The Good, the Bad and the Ugly
Saima Saeed
HOW TO FIGHT ISLAMIST TERROR FROM THE MISSIONARY POSITION by Tabish Khair Fourth Estate , HarperCollins Publishers India, 2012, 191 pp., 450
September 2012, volume 36, No 9

Tabish Khair’s fourth novel is a brilliant piece of satire on Islamic terror and Islamism and how the West perceives, as also reacts to the two, post 9/11. The setting of the novel in Aarhus, Denmark brings out the stark contradictions and cultural divides between the East and the West, the cosmopolitan and the local, tradition and modernity, the colonizer and the colonized.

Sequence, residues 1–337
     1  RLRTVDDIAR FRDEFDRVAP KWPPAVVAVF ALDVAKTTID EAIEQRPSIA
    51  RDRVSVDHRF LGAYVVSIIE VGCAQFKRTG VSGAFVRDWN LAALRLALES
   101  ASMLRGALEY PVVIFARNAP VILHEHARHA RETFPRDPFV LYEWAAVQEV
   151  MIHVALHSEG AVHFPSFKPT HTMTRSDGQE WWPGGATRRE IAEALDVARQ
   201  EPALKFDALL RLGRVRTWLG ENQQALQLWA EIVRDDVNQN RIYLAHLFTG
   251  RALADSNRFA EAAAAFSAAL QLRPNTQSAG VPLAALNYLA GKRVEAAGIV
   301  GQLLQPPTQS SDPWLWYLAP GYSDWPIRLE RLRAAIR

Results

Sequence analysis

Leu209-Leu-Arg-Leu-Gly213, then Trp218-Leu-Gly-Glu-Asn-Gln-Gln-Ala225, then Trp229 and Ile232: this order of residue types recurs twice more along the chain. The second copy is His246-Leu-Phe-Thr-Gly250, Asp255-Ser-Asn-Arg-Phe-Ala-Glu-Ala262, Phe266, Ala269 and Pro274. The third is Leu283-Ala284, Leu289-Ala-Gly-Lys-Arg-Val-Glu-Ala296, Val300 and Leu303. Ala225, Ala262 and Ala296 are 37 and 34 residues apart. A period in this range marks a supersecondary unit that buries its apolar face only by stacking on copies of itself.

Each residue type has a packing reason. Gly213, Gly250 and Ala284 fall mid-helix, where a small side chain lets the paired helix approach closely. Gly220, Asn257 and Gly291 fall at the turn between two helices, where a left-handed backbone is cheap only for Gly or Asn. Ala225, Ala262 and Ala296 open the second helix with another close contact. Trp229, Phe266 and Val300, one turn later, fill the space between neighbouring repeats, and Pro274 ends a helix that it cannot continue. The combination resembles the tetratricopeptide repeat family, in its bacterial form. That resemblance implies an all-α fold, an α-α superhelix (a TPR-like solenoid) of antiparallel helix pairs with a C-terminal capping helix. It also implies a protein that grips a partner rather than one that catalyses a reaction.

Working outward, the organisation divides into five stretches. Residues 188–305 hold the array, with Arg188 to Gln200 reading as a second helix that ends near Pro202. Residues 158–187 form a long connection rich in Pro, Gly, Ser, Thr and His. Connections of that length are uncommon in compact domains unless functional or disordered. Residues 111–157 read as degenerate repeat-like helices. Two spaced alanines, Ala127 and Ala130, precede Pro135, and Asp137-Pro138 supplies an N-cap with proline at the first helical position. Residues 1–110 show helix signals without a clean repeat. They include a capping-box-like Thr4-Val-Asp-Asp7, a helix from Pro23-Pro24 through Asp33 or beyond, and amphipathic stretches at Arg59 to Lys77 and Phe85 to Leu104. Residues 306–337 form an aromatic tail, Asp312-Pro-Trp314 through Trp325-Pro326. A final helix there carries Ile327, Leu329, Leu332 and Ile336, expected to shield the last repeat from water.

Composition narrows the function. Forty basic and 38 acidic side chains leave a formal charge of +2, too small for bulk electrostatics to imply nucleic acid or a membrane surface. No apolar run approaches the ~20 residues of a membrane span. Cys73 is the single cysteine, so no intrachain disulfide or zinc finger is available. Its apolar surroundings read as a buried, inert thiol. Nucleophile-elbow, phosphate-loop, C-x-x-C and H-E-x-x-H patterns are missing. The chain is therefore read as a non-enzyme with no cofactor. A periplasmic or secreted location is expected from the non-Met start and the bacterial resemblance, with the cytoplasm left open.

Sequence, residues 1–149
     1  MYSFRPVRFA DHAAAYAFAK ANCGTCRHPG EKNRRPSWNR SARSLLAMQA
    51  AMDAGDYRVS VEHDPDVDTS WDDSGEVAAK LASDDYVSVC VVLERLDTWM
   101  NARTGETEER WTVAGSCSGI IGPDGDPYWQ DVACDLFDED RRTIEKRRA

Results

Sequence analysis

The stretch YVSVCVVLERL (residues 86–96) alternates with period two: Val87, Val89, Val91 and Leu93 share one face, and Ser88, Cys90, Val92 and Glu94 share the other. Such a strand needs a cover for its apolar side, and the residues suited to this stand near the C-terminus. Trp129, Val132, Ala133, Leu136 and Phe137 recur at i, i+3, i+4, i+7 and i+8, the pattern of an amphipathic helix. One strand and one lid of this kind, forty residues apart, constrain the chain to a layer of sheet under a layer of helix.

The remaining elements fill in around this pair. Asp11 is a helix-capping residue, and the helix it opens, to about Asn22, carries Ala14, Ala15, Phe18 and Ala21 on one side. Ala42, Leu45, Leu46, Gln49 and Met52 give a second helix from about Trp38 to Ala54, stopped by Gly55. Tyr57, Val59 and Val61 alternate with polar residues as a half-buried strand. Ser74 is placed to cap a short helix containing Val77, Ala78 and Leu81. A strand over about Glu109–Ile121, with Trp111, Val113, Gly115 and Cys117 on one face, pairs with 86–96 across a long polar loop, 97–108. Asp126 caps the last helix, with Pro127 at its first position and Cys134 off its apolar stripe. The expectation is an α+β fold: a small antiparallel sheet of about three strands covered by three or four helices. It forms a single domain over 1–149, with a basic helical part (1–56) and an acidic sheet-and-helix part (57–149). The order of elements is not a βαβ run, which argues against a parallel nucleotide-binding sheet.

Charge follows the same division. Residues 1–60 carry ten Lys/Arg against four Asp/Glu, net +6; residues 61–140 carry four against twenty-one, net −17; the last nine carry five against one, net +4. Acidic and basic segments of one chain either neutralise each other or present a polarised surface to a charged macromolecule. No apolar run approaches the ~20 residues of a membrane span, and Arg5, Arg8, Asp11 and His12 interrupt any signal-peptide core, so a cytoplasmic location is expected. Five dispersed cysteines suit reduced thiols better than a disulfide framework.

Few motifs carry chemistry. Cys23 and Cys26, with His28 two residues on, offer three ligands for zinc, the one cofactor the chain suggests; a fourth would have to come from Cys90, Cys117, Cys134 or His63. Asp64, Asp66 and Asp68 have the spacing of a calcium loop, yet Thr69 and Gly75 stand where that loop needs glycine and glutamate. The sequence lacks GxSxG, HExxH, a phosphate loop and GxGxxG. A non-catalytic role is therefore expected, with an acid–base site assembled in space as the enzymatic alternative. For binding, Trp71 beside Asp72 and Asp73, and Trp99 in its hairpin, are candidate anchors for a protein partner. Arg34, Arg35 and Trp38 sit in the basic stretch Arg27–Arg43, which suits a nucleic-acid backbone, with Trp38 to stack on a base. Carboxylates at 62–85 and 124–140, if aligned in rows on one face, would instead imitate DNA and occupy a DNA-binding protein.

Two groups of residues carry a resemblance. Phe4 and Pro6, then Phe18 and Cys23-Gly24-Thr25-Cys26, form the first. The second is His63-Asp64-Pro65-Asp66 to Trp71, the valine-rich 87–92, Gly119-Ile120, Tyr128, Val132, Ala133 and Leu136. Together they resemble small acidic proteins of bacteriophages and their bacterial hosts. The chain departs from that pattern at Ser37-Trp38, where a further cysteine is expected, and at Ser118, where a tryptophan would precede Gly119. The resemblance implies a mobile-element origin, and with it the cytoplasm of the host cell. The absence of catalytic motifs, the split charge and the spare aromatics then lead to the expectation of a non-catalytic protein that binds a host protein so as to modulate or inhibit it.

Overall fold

To begin with Khair’s choice of the three central characters—the narrator, a Pakistani Muslim who asserts his atheism on several occasions; his friend, charming and flamboyant Ravi and their fundamentalist landlord Karim Bhai whose staunch adherence to a Muslim way of life makes him a perfect character that invokes a series of responses (from suspicion, to hate, even deep abhorrence of his traditional and closed understanding of life, religion, women, food, alcohol et al, is telling. To that extent love, relationships and women on the one hand and reactions to Islam (Ravi, ‘technically’ a Hindu but with keen interest in Islam starkly contrasted to the two opposite types of Muslims, Karim Bhai a near fanatic and the narrator who is at pains to establish his disconnect with Islam) on the other, are the key themes that bring all the elements and events in this remarkable novel together.

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